“I don’t, it’s just…” Troy waved a hand. “I don’t want anything to happen to it, you know? I don’t like this sneaking around business—but in my current position, I don’t have a choice. I’d at least like that back!” He folded his arms and regarded her. “So, I help you out, you’ll help me?”
Jade didn’t even need to think twice. “I’ll do it!” she declared, holding out her hand to shake on the deal.
Troy slipped his ethereal hand into a leather glove, grasping Jade’s hand with it and covering her hand with the ungloved Shadow. Jade felt her head begin to spin, spiraling down until she came to rest on a massive black surface. Troy’s face loomed large over her as he drew his hand out from between the bars of the giant cell.
“What happened to me?” Jade cried, hearing her own voice jingling in the high-pitched knell of many bells. “What have you done?”
Troy snorted as he lifted the Angel—now no bigger than a fairy—before his face. “Well, I couldn’t very well get you out when you were your normal size!” He scoffed. “I mean, really!
Jade folded her arms. She even glowed like a fairy when she fluttered her wings. “Well?” she challenged him. “I’m out now. Change me back!”
Troy threw back his head and laughed. “Not so fast!” He dropped his gloved hand, forcing Jade to take flight to stay in the air. “I’m not going to let you fly about as an Angel, winning people over like you always do. No, I’m making this fair!”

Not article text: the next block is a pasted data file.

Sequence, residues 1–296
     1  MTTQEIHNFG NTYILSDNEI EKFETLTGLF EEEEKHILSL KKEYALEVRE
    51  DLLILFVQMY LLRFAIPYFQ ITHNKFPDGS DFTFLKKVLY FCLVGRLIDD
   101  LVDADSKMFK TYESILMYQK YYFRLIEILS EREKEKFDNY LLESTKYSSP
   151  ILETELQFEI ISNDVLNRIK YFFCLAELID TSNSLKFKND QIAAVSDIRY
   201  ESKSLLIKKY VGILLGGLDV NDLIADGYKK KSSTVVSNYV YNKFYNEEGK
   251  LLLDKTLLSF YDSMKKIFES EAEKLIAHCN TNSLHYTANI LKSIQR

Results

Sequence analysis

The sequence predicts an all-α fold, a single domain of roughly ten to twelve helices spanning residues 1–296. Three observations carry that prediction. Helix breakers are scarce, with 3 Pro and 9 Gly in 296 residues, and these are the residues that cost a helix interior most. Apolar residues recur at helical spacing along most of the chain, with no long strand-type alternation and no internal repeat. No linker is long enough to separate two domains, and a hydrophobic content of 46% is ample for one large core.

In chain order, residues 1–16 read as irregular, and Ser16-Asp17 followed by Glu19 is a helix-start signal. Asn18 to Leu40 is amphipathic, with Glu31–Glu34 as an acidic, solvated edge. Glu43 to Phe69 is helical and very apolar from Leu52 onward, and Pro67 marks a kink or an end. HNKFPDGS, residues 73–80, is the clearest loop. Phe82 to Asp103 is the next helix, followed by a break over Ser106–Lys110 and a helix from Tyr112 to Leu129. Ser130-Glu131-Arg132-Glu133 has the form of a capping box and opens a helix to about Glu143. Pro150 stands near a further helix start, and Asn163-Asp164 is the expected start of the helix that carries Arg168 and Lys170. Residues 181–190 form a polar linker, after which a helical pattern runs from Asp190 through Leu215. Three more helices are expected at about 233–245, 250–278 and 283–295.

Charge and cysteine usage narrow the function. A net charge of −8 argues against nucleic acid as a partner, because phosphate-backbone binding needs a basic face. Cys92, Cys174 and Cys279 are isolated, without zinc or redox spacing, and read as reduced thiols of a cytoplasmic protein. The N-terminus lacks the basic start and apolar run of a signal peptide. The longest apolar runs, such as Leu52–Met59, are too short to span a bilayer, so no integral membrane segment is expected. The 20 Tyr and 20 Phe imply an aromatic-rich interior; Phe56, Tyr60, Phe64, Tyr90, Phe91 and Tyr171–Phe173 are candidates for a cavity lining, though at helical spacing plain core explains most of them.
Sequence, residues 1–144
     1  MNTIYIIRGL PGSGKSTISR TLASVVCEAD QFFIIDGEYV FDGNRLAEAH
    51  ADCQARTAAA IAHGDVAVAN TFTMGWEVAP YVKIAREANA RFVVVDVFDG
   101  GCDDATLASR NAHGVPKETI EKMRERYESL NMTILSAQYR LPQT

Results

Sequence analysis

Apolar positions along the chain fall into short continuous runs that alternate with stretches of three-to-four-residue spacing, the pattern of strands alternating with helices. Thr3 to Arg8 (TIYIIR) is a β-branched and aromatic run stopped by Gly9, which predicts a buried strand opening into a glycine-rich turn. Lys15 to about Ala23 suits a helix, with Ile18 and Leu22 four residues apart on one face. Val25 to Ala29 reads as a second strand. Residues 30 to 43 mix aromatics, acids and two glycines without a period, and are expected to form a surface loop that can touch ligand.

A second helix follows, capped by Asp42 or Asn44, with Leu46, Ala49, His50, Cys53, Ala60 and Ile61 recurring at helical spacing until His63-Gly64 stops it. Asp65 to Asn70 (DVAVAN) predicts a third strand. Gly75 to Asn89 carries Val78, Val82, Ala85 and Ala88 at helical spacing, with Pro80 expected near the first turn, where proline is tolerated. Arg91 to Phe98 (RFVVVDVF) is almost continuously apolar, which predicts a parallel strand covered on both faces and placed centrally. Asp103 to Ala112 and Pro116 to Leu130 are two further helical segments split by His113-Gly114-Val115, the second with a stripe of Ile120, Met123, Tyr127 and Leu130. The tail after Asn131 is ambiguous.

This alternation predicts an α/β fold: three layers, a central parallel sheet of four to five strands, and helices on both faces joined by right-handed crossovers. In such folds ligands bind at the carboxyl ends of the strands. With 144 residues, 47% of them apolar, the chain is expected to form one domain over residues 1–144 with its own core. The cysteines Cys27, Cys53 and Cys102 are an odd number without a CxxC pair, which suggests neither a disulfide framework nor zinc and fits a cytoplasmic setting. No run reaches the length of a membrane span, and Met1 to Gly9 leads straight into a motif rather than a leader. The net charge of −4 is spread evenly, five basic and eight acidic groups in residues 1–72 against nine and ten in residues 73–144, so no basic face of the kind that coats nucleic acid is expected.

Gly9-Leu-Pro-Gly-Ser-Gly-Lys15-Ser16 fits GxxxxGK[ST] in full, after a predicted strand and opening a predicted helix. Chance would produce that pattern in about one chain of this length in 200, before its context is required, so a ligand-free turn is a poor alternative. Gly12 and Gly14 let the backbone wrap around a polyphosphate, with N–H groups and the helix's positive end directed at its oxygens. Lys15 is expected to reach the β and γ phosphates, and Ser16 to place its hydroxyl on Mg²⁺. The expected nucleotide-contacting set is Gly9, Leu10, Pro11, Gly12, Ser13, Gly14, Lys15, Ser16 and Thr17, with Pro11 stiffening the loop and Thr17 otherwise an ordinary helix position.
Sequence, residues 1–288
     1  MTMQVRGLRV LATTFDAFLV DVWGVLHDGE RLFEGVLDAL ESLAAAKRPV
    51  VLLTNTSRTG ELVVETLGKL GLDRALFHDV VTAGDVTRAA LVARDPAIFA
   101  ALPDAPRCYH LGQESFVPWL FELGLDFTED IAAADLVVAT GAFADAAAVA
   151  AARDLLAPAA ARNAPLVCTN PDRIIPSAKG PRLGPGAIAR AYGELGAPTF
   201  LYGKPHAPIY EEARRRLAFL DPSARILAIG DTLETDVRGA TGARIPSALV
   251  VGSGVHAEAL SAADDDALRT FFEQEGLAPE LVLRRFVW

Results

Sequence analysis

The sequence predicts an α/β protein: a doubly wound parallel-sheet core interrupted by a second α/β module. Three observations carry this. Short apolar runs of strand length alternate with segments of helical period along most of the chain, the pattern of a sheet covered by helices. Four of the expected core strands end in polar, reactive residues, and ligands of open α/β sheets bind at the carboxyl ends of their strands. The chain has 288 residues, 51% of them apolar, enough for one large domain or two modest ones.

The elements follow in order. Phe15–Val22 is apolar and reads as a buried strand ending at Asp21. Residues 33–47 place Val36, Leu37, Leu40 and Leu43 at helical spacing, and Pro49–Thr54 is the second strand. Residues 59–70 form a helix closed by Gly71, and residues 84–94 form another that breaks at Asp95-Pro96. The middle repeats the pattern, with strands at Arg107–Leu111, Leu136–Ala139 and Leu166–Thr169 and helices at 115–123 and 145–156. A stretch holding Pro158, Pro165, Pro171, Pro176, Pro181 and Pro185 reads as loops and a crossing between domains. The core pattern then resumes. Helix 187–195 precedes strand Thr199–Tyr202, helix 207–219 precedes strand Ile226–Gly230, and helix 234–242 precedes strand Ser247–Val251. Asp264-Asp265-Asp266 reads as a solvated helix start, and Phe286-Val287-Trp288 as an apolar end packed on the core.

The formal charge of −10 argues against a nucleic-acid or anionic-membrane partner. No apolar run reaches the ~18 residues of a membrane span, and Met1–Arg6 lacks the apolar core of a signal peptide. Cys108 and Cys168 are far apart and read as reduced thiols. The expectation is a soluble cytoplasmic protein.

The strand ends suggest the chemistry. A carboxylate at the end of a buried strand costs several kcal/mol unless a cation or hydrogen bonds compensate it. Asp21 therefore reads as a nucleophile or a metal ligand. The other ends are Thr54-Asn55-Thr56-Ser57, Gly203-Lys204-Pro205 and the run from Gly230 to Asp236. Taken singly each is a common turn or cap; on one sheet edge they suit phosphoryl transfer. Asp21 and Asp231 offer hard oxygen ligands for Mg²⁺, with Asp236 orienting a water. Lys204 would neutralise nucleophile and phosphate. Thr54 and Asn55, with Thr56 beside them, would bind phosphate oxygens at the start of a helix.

Fair!?” Jade squealed.
“Yes,” declared Troy. “I had to deal with a new form, so now you will, also.” He turned and began walking out of the cell. “Here’s how it’s going to be, dear sister: I got Prince Beren out of the Realm—if you want to be an Angel again, you’ve got to find him, convince him to return, and get him onto the throne like Juros wants. If you can manage that, the change I’ve made will wear off and you’ll be an Angel again. If not, I win, and Juros will probably crush you under his so-called ‘justice.’” They reached the entrance to the dungeons, at the very edge of Justicia. All the Realm lay spread before them.
Troy paused to wink at Jade one last time. “Let the games begin, little Jaybird!” he said, and disappeared into the darkness.
Jade felt the burden of her mission weigh heavy on her, but she squared her delicate shoulders resolutely. She would bring Prince Beren back to the White Castle, and Troy would answer for all that he’d done. There would be no more mistakes this time.
>>>>>>>>>>

This story (and next week's installment) is a continuation of my previous series, "The Clan of Outcasts". If you've been following the series, you may have recognized some of the characters referenced here--did you? Follow the hyperlinked text earlier to read more of the series!








Also in the A-to-Z Challenge Series:
-Letter A       
-Letter B      
-Letter C     
-Letter D     

Thursday, August 10, 2017

Book Lover's Blog Hop: "Who is Your Favorite Author?"




Question: "Who is Your favorite Author?"

Leslie Conzatti (Me!)